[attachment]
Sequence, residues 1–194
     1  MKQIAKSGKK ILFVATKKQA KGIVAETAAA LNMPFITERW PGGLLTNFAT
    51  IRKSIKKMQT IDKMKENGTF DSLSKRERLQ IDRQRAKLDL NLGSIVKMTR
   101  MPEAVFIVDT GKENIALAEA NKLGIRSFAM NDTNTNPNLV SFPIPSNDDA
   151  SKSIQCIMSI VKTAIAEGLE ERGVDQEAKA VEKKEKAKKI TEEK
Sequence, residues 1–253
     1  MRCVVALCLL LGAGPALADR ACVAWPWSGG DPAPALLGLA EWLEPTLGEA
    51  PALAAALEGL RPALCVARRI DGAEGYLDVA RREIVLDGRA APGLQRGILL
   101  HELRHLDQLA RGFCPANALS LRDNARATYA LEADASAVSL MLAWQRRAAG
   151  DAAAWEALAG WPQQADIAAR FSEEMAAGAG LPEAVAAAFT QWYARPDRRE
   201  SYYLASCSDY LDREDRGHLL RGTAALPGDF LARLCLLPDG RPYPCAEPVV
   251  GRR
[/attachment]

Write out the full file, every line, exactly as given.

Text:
Sequence, residues 1–194
     1  MKQIAKSGKK ILFVATKKQA KGIVAETAAA LNMPFITERW PGGLLTNFAT
    51  IRKSIKKMQT IDKMKENGTF DSLSKRERLQ IDRQRAKLDL NLGSIVKMTR
   101  MPEAVFIVDT GKENIALAEA NKLGIRSFAM NDTNTNPNLV SFPIPSNDDA
   151  SKSIQCIMSI VKTAIAEGLE ERGVDQEAKA VEKKEKAKKI TEEK
Sequence, residues 1–253
     1  MRCVVALCLL LGAGPALADR ACVAWPWSGG DPAPALLGLA EWLEPTLGEA
    51  PALAAALEGL RPALCVARRI DGAEGYLDVA RREIVLDGRA APGLQRGILL
   101  HELRHLDQLA RGFCPANALS LRDNARATYA LEADASAVSL MLAWQRRAAG
   151  DAAAWEALAG WPQQADIAAR FSEEMAAGAG LPEAVAAAFT QWYARPDRRE
   201  SYYLASCSDY LDREDRGHLL RGTAALPGDF LARLCLLPDG RPYPCAEPVV
   251  GRR